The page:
"Failure to prepare is preparing to fail"
- Mike Murdock (hey, I thought it was a Bobby Knight quote. In fact assume it is...)
Just beneath the surface of Malcom Gladwell's "Blink: The Power of Thinking Without Thinking" is a motif of preperation as a key to good decision making. Not necessarily a CPU-like heuristics routine or a detailed internal decision tree, but a backdrop of knowledge. Gladwell's proposition is that for all of our conscious learning, the power of the unconscious - the connections and relationships that we can see without necessarily being aware of what we are doing, can be a far more powerful tool.
This "Thin Slicing," as he calls it, is simply taking a mental 'snapshot' of something and allowing your subconscious to make the necessary calculations (to the slightly mathematical side of my brain, this strikes me as a similar approach to dx/dy) Unsurpisingly, this seems to have a great deal of applicablitly to athletics, among other endeavors. (Indeed, when I was in Seattle to see the Sawx second to latest Safeco debacle - it was listed as the favorite book of Raul Ibanez. This is the kind of in depth tid-bittery for which you pay me the big bucks.)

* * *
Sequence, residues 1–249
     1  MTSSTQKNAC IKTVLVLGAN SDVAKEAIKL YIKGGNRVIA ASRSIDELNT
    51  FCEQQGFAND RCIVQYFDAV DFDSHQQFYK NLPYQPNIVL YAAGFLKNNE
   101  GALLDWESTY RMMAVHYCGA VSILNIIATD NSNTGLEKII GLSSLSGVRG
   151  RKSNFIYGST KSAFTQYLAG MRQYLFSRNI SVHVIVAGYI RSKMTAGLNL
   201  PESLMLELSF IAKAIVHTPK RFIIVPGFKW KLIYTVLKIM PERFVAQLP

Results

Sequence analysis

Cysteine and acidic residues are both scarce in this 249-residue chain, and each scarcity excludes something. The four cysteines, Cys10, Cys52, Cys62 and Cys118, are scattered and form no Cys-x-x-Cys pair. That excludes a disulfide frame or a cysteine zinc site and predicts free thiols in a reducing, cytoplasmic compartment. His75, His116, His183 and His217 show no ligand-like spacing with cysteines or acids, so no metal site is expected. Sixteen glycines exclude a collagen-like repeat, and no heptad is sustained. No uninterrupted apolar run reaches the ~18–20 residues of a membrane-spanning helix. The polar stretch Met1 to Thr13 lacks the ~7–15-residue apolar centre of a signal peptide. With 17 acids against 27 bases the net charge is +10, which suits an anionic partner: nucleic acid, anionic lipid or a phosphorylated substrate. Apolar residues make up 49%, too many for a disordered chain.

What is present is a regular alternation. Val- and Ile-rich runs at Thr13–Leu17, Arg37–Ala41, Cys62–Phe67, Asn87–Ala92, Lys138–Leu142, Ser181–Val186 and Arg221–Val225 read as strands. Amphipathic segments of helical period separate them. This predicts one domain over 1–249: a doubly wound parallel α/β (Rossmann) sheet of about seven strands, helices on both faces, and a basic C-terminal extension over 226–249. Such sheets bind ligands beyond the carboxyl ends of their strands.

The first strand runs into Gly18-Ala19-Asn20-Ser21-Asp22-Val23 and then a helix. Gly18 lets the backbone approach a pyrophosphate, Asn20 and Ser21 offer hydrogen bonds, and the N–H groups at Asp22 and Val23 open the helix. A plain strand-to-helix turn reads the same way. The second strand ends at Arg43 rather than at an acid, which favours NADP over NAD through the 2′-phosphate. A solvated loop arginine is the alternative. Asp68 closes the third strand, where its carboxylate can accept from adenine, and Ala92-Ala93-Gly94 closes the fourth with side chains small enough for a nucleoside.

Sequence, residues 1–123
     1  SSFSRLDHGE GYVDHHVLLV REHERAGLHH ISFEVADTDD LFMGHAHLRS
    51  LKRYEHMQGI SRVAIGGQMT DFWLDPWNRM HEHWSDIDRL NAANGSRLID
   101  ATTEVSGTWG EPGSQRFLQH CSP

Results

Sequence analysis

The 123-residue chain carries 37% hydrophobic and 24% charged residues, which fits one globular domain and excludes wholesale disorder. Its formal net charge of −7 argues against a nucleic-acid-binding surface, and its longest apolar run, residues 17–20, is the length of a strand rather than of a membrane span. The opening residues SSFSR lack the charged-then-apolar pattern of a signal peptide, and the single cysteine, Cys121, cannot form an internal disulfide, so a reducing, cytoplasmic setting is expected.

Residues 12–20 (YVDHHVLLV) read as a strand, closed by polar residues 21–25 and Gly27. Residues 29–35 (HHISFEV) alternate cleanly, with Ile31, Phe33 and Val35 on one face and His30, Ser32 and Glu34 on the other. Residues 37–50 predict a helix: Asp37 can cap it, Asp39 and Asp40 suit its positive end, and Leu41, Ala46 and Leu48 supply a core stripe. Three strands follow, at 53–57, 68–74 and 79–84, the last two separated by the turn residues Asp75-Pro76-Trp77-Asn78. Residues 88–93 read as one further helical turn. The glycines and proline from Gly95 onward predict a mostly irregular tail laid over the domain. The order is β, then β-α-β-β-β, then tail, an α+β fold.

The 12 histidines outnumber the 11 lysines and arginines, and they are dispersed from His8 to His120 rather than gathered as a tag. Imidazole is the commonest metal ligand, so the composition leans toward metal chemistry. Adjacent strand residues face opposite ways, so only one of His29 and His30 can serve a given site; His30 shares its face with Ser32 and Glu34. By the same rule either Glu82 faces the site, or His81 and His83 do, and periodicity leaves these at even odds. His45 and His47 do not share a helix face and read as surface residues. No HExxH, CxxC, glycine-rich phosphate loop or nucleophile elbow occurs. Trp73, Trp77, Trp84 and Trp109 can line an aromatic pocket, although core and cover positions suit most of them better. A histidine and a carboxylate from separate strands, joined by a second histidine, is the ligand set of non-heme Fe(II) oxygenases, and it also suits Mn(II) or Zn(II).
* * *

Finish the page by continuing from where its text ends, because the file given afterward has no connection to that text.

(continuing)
As intriguing as this theory is, and as compelling his examples (particularly that of Gen. Paul van Riper (ret.), I'm not sure there's really a whole book's worth of material here. As my roommate puts it "it's a two sentance thesis extended to 200 pages."
Pooh's View: Probably a magazine feature's worth of material extended Fortunately, Gladwell is such a talented author that it's a pretty breezy read. Where I a punster, I might even suggest that you shouldn't "Blink" - were I a punster...
Update: #23 "The Devil Wears Pinstripes" is up at Tuesdays With Torii.